What’s your personal standard for optimal productivity and maximum achievement? Think about it: Imagine that one day, week, or month where you got it all done—in an insane frenzy of focus and tireless action-taking. When you studied for finals week, started a new business, managed multiple projects at once, or finished your book; when the deadline was your only God and invaded your every breathing moment: Was there any halt to your productivity?
You can’t always use yourself to full capacity.
Yes, you can work for 15 hours straight with zero distractions and razor-sharp focus.
You can’t do it every day.
Yes, you can abuse your body in the gym, pushing your muscles to failure on new PR sets.
You can’t do it every day.
Yes, you can give legit 100% and actualize your utmost potential.
You just can’t do it every day.
Think about what enabled you to awaken your unrestrainable inner force:
- How many stressors and distractions did you have to deal with?
- How emotionally engrossed were you in going hard?
- How much caffeine did you have in your system?
- How many subsidiary duties did you neglect?
- How did it affect your social life?
- How pressing was the deadline?
Motivating emotions fluctuate, bodily processes self-regulate, friends don’t wait forever, deadlines aren’t always urgent, and sometimes you have to achieve secondary goals, cut your hair, or buy groceries. Most importantly, the distractions and stressors you face vary day by day. As you can’t take complete control over everything that might interfere with your daily resolutions:
Don’t let exceptional performance become your personal standard.
This is particularly important when you create a plan to manage your daily habits and priorities. If, during planning, you keep an experience of outstanding productivity in the back of your head, your time management endeavors won’t be sustainable. Be honest and realistic about what enabled your top performance; you’ll be less likely to program failure into your plan.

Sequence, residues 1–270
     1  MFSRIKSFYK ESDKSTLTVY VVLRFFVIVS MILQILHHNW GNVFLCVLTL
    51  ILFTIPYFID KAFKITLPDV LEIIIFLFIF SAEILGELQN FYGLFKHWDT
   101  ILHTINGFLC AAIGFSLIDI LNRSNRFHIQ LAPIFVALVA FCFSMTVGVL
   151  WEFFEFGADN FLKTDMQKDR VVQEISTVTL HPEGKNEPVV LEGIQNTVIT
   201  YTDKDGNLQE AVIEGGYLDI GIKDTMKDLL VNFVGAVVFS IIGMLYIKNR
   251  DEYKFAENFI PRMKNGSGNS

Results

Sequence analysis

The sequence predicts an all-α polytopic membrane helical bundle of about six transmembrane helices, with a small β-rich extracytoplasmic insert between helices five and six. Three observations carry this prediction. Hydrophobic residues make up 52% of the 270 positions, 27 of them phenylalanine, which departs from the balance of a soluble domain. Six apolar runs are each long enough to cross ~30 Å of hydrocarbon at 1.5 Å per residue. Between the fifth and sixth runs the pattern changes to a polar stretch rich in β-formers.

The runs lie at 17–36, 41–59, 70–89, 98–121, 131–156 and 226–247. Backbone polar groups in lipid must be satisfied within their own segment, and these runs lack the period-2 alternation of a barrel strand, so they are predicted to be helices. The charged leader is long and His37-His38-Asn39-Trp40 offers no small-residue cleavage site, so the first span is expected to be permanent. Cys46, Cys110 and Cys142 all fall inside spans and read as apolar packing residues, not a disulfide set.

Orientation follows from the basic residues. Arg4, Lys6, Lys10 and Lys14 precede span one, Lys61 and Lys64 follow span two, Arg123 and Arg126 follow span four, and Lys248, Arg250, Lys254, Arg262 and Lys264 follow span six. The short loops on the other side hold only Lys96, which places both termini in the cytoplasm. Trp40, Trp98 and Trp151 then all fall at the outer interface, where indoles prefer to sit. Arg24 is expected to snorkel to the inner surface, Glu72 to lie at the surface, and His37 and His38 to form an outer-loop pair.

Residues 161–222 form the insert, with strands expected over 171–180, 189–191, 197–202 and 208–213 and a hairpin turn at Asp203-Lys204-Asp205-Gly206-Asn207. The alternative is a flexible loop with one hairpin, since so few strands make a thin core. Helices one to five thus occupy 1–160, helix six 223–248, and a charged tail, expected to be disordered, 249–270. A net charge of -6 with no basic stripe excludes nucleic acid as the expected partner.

Moreover, don’t start scheduling by counting your waking hours in a day! The hours in a day aren’t created equal, nor are the days in a week. Don’t look at your plan as empty time slots to fill. Look instead at what you want to achieve and structure your day around goal accomplishments.
Start with a simple list of the bare essentials (including sleep, nutrition, meditation, and exercise; or just your highest priorities), preferably tied together in your morning routine, and slowly, over the course of weeks and months, add additional tasks to your plan. The plans I made for years always failed at some point because they were overly ambitious: They were too dense. They included too many new habits. And they were conceived using my experiences of maximum productivity as the standard.
Don’t make your (lifestyle, workout, productivity) plan an overambitious ideal. Rather, make it a standard of minimal performance, and use your ambition to create a habit of overachieving—without ever hastily adjusting your plan. Through successful consistency will you attain consistent success.